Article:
I decided to read this book after seeing it quoted with approval in another – my usual way of discovering new books. One good thing leads to another.
It is a fascinating book by a fascinating man – he worked most of his life as a longshoreman – a docker or a stevedore – in New York. In his spare time, he wrote philosophical treatises and was awarded the Presidential Medal of Freedom. He was an autodidact.
I was attracted to this book because I have lately been wondering why so many people seem to want to believe in some overpowering truth that they hold as an axiom – that is, something beyond question or challenge. We see it in Europe in nationalist movements, where the axiomatic belief is that some part of a country should become a country in its own right; and in anti-EU movements, where the axiom is that leaving the EU is the right thing to do. And, of course, we see it in extreme organizations like ISIS. But the thing that interests me is the primacy of faith – the belief comes first and all other considerations have to fall in behind it.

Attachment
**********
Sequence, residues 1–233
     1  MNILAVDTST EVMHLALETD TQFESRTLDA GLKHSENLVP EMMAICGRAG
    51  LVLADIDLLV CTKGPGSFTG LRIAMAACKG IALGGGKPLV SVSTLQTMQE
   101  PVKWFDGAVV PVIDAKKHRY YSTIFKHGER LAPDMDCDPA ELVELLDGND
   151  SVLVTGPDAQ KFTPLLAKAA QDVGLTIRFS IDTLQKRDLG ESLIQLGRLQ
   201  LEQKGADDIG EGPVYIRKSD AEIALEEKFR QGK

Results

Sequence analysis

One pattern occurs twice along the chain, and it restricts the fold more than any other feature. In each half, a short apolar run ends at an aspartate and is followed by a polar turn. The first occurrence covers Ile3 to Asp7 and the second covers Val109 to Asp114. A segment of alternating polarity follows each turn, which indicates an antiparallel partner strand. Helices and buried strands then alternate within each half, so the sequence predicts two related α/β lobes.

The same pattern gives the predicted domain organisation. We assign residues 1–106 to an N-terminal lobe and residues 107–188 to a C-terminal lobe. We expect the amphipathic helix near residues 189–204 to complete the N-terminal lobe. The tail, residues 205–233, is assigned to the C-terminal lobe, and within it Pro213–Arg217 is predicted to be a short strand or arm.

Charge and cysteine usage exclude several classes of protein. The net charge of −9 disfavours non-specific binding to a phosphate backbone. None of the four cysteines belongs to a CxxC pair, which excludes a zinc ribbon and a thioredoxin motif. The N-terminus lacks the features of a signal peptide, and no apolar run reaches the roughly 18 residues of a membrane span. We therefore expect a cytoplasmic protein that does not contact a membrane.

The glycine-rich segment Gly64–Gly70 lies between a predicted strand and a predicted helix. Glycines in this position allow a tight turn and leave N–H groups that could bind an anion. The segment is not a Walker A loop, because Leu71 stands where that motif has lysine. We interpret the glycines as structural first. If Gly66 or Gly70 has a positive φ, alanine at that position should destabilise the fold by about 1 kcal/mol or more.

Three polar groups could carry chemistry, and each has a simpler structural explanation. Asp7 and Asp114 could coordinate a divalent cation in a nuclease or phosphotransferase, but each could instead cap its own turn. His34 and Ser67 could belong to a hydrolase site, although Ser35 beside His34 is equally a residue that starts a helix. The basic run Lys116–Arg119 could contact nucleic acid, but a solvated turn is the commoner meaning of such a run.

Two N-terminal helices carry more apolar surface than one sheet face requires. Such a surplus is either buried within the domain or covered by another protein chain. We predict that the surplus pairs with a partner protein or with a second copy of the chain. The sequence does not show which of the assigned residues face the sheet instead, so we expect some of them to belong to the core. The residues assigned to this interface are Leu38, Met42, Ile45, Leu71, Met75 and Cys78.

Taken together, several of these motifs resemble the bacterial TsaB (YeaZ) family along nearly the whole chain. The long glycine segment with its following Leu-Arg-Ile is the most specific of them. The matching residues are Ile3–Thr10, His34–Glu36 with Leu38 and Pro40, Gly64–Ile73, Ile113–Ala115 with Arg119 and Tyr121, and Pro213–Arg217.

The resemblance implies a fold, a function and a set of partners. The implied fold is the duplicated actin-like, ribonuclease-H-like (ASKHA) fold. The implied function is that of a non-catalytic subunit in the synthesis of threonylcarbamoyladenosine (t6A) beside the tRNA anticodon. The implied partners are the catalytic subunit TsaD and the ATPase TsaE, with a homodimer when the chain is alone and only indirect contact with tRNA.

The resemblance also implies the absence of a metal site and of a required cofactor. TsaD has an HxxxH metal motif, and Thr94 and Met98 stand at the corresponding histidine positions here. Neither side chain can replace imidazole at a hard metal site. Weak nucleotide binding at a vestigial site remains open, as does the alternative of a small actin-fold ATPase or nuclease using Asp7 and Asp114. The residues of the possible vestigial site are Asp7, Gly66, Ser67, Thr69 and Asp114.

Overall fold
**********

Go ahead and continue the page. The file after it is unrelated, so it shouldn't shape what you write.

Hoffer describes the psychology of such beliefs in detail. He was writing in the 1950s, when Communism and Fascism were the axiomatic belief systems of the day, and this is reflected in the text. But his observations remain relevant to today’s mass movements. The key ones are: organization is essential to a successful mass movement – Lenin and Hitler placed great premium on organization and discipline; a mass movement for radical change has to hate the present and believe in a notional future; and mass movements are attractive to people with feelings of inadequacy and self-hatred.
Not everything in the book is to be agreed with and some of it is quite provocative. But it really does focus on a major question for our times – what makes people abandon facts, evidence and reason in favour of a single belief that they zealously cling to? And provides some very thoughtful answers.